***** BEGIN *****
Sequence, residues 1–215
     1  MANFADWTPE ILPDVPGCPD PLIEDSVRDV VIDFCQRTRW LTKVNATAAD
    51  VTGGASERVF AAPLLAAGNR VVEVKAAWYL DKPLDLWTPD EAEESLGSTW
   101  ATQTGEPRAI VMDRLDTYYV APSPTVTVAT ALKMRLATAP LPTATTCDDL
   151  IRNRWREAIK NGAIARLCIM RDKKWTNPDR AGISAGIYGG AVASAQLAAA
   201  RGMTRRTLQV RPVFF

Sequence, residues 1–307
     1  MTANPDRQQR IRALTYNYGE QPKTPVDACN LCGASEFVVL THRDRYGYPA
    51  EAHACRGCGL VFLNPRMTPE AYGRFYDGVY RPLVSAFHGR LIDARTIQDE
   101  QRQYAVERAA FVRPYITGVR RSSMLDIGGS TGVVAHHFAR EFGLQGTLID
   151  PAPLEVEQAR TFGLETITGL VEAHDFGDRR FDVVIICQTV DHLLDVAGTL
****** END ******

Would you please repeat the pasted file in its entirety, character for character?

Sequence, residues 1–215
     1  MANFADWTPE ILPDVPGCPD PLIEDSVRDV VIDFCQRTRW LTKVNATAAD
    51  VTGGASERVF AAPLLAAGNR VVEVKAAWYL DKPLDLWTPD EAEESLGSTW
   101  ATQTGEPRAI VMDRLDTYYV APSPTVTVAT ALKMRLATAP LPTATTCDDL
   151  IRNRWREAIK NGAIARLCIM RDKKWTNPDR AGISAGIYGG AVASAQLAAA
   201  RGMTRRTLQV RPVFF

Sequence, residues 1–307
     1  MTANPDRQQR IRALTYNYGE QPKTPVDACN LCGASEFVVL THRDRYGYPA
    51  EAHACRGCGL VFLNPRMTPE AYGRFYDGVY RPLVSAFHGR LIDARTIQDE
   101  QRQYAVERAA FVRPYITGVR RSSMLDIGGS TGVVAHHFAR EFGLQGTLID
   151  PAPLEVEQAR TFGLETITGL VEAHDFGDRR FDVVIICQTV DHLLDVAGTL